Every single fund in the Thrift Savings Plan was up in February.
Even better: Every single fund in the Thrift Savings Plan was also up in January.
This means that, for the I fund, your investment is up 5.82% so far in 2011. The S fund is up 5.81% and the C fund is up 5.87%. The very safe, conservative G fund is also up with a return of 0.46% so far in 2011. Bonds have tanked in the open market but, even with this bubble bursting, the F fund is up 0.39% for the year.
But wait…the stock market news gets even better. The C fund is now up for six straight months. The S fund is also up for six straight months and the I fund is up for five of the last six months. Of course, the G fund is always going up–albeit at a slow rate.
It may not be coincidental but, since the market bottomed in March 2009, after which the Dow Jones Industrial Average has almost doubled, investors have been fearful and with apparently good reason for their fear. There have been concerns about deflation and inflation and concerns about the falling value of the dollar and the rising value of the Chinese yuan. Investors have also been worried about states declaring bankruptcy, cities defaulting on their supposedly super-safe municipal bonds to upheaval in the emerging markets around the world.
And, despite the turmoil and the worry, the stock market continues to move up.
Some of these worries that have hit the world happened in February. Remember the uprising in Egypt? Oil prices shot up to above $100 a barrel for crude, at least for a time. And, despite the problems, the stock market continued to go up.
How are TSP Investors Reacting?
With all of the bad news around the world, and the very favorable returns in the stock market, how are investors in the Thrift Savings Plan reacting?
In December, TSP investors transferred $322 million from the G fund and $710 million from the F fund. The also transferred $338 million from the I fund.
In January, TSP investors transferred another $694 million from the G fund and another $443 million from the F fund and another $115 million form the I fund.
At the same time, the C fund gained $162 million in December, the S fund gained $961 million and the L funds gained $247 million. In January, the C fund gained another $271 million, the S fund gained another $501 million and the L funds saw an influx of $580 million. That is a lot of dollars being moved around.
Time to Party and Let The Good Times Roll?
Thanks to my new Rosetta Stone program, here is another, perhaps more colorful way, of saying the same thing: On va faire la fête or, for Mardi Gras celebrants: Laissez les bon temps roulez.
So, is it time to throw caution to the winds and put your entire future retirement investments into the stock funds in the Thrift Savings Plan? With these kinds of gains in the midst of disturbing world events, can the market possibly go down in the near future?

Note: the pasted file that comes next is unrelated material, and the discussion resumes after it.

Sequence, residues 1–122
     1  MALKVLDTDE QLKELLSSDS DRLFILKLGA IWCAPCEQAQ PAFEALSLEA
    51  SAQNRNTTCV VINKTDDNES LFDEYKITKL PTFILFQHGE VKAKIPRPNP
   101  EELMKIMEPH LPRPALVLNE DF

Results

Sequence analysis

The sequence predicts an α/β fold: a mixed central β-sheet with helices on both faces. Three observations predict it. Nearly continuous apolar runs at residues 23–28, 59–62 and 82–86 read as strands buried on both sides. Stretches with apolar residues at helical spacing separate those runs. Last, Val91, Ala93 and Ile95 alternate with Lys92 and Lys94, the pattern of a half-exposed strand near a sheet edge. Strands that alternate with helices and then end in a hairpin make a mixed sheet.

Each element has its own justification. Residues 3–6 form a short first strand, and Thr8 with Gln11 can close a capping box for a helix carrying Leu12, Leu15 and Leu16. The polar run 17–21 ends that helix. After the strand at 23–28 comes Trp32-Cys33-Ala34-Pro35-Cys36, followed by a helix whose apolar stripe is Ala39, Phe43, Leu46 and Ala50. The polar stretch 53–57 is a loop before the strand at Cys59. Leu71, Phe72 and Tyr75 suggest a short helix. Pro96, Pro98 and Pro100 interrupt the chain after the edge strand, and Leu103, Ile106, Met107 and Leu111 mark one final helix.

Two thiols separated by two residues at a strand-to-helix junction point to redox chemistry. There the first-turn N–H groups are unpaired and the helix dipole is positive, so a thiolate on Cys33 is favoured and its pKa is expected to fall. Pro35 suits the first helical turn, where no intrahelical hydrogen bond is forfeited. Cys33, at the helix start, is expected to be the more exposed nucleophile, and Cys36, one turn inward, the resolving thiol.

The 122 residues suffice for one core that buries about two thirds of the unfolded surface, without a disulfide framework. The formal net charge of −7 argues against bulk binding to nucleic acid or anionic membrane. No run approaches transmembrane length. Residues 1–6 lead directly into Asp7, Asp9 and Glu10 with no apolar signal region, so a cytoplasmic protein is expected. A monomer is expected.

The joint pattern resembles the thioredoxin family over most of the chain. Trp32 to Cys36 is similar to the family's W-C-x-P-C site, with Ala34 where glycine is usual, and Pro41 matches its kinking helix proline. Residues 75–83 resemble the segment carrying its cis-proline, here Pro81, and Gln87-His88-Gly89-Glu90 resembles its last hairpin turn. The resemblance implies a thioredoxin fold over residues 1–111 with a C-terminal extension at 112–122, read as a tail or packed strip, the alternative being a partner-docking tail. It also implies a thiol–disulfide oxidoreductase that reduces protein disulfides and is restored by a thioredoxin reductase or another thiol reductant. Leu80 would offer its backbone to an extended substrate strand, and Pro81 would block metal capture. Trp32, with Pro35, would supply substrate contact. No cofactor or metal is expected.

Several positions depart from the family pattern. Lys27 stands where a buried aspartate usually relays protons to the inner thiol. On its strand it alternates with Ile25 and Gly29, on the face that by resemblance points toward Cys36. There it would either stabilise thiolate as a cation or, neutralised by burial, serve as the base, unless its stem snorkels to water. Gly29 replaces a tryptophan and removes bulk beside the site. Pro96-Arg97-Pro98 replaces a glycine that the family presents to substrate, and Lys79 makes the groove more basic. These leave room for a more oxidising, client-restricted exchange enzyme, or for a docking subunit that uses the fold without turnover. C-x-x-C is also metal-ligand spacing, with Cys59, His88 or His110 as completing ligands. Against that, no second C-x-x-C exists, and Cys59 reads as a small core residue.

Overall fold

I am not a prognosticator and we do not provide financial advice for our readers. Each person is different. Each person’s risk tolerance varies, a person’s financial assets will vary, the age of the investor is important, the length of time until retirement is important, your retirement plan (CSRS or FERS) may make a difference in your economic outlook, and your own particular prediction about future events will all play a role in how you should invest your money for your future retirement.
Here is one safe prediction: The market will go down again. It may not be next month but it will go down. And the reasons for it to go down may be predictable or the events may seem to come out of nowhere and wreak havoc in the financial markets.
Here is one new worry that we may not have seen in several years.
According to the New York Times: “After radically scaling lending during the financial crisis, banks and the lending arms of the automakers have started to issue loans more aggressively.”
And does this scenario have a ring of familiarity?: “Even car buyers with tarnished credit histories are getting financing, in some cases without making a down payment. More than 859,000 new cars were sold to consumers with a so-called subprime credit rating in 2010, a nearly 60% increase from , according to CNW Marketing Research.”
What does this mean? Did we not learn anything from the financial crisis?
Actually, the banks probably did learn something from the financial crisis and it may be a reasonable conclusion: Banks can lend money with abandon and the taxpayer will bail them out.
Richard Band is a highly rated financial adviser. Here is his summation of what is now happening in the financial community:
“Readers have asked whether I believe another financial crunch (and
bear market for stocks) lies ahead, perhaps in 2012 or 2013. I think
it’s a foregone conclusion. With Bernanke & Co. issuing the financial equivalent of free
heroin, the “dealers” (banks) are only too happy to distribute the junk
to the streets—at an appropriate mark-up, of course. You’ll be
called upon later to serve in the emergency room, treating the
Participation in the LifeCycle Funds Continues to Grow
So, what does this mean for you?
In effect, it means enjoy the greater gains you have realized in your TSP account in the past few months. It also means don’t let the high emotion of the current returns stand in your way of remembering how you felt when you investments went down for months or in more than a year.
Here is an indication that many readers are thinking along the same lines.
As of January 31, 2010, there were 657,364 participants in the lifecycle funds. On January 31, 2011, there were 748,186 participants in the lifecycle funds.
The lifecycle funds are a way to diversify your investments automatically. It appears that many TSP investors are using this option and that their numbers are growing…perhaps as a result of concerns about the safety of their investments for their future retirement.